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PCB Design Help (315Mhz with 1/4 wave Dipole)

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Mar 19, 2008
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1/4 wave dipole

Hi, I have never done RF layout before. This is a really simple board but I would like maximum range. :)

I have a transceiver chip and antenna that are both matched at 50ohms and tuned for 315Mhz. My problem is how to get a trace from chip to antenna with as few problems as possible.

Are there things to consider like corners? Even at 315Mhz? Should the traces be really wide? Really narrow? Really straight? Parallel/Perpendicular to actual antenna? Thickness (z-direction) of copper?

Also reading some application notes they suggest a large ground plane. My antenna will be connected on a right angle near the edge of the board. I realize this will give it some directionality which will decrease range in some directions. This also means it is parallel to the board itself. Because of this I have read that the ground plane has to be a certain length (or rather multiple of some length). So do I go off of the wavelength of a 315Mhz signal an make the ground plane some multiple of that? Or does it have to match the antenna more then the raw wavelength?

Thanks to anyone that can help.

A simple quarterwave antenna will be around 1/4 meter long at 315 MHz (such as a whip of metal wire sticking up from the board). If you want to print this on the board, you will
1) need a big board
2) most likely want to stand the board on its end so that the antenna is pointing vertically (most systems use vertically polarized antennas).
3) will want the printed antenna to look very much like the whip antenna, ie with no ground plane along the length of the printed "whip"

Practically, a lot of people will prefer a smaller antenna with somewhat worse performance, just so that it will fit in their enclosure. You can then use either the same whip antenna design, but with a loading inductor (high Q please) at its base in series with the whip element. Another approach is to use a loop antenna, possibly with a tuning element in the loop. One advantage of "small" loop antennas is that the radiation pattern is in the plane of the loop, so you can have the board horizontal (sitting on a table top) and it will radiate omnidirectionally around it. Some small circuits, like wireless key fobs, have the circuitry inside of the loop, and the loop goes around the edges of the key fob in a big square circle.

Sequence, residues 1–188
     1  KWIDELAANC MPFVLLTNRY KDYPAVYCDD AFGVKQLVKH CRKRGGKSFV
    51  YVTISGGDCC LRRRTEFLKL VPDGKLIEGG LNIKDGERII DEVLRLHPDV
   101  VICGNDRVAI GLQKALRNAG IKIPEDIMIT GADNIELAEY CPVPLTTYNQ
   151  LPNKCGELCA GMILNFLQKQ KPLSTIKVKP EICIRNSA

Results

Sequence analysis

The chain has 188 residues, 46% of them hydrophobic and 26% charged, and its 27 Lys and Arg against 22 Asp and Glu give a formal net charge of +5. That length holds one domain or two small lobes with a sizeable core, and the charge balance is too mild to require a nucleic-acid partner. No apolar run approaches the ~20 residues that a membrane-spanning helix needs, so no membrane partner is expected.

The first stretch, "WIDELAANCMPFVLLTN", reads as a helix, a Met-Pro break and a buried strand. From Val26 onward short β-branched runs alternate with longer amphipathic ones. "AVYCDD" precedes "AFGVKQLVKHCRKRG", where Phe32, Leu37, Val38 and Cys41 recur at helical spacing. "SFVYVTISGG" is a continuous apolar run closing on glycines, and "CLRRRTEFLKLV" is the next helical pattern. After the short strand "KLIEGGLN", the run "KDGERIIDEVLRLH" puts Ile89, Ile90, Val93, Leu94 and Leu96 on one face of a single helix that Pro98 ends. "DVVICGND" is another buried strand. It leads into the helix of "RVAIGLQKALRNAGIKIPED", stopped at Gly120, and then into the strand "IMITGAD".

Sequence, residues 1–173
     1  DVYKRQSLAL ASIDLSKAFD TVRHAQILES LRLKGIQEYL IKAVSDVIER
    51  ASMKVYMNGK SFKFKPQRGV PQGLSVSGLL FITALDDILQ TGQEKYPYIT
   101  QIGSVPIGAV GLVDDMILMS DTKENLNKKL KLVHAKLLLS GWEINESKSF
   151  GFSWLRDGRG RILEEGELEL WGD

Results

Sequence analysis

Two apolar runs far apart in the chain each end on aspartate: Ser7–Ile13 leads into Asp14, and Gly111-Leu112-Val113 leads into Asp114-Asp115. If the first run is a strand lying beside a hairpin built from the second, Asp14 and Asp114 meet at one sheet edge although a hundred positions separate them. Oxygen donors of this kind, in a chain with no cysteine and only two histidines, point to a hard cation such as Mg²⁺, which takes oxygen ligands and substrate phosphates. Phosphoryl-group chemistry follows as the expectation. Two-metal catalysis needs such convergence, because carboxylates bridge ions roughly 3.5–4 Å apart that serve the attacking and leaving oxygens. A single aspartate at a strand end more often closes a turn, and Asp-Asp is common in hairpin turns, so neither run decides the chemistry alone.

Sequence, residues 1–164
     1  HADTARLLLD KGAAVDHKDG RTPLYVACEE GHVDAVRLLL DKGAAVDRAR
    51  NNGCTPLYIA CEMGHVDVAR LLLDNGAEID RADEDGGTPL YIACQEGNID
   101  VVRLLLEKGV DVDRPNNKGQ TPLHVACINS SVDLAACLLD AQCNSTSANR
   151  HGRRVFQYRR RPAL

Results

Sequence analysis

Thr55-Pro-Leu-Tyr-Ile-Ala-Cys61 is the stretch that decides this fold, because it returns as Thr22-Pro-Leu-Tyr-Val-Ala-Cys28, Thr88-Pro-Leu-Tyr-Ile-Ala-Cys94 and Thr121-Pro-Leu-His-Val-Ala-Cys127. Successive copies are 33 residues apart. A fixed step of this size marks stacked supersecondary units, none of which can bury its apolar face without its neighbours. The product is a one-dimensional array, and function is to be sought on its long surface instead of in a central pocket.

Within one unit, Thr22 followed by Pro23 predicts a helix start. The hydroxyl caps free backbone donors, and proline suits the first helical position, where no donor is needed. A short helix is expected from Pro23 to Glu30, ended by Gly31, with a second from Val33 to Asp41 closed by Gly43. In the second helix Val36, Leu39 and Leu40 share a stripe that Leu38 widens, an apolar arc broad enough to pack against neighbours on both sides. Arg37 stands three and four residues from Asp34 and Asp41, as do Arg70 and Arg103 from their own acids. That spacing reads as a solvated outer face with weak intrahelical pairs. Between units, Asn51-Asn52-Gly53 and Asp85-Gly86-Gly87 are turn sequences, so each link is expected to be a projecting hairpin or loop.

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I am using a matched antenna (about 8" long encased in plastic, not sure of the style inside though but the description says "1/4 wave" that came with the modulation chip). It will attach via a RP-SMA connector.

What I am worried about is the ground plane for this antenna. I need maximum range for this, so I really want to get it right.

I read through the PDF, and it helps but I still have questions. It did give me good layour device for the other components on the board which I have changed accordingly.

Yep, that is about right for a quarterwave. As I understand it, you have a whip antenna perpendicular to the board, sticking up 8". And you want to mount it on one of the board edges.

So, something on your board is either transmitting, or receiving, the 315 MHz energy. Lets say that it is an IC with a port that says "to antenna" on it. That same chip will have ground connections. You want to run a trace on the top of the board, as straight as possible, directly from that antenna port to the center pin on the RP connector. Just as importantly, you also need to run a much wider path of metal (maybe 1" wide minimum) on the backside of the board, without any interruptions, directly between the ground pins on the IC and the outer shell of the RP connector. People love to cut this ground plane with DC power and digital signal lines, but DON'T DO IT! Once you cut the ground plane, all bets are off.

Your antenna will have some directionality. Nothing you can do about that, unless you have a 16" diameter ground plane and you put the antenna right in the middle of it. My experience with such edge mounted antennas is that most azimuths you will be within 5 dB on antenna gain ripple, and there might be one or two azimuths where the gain may dip as much as 10 dB.

Try to get as much continuously connected ground plane on the back of the board as you can. If you skimp on ground plane surface area, you will have poor radiation efficiency, AND the antenna may detune itself (not resonate at 315 MHz anymore).

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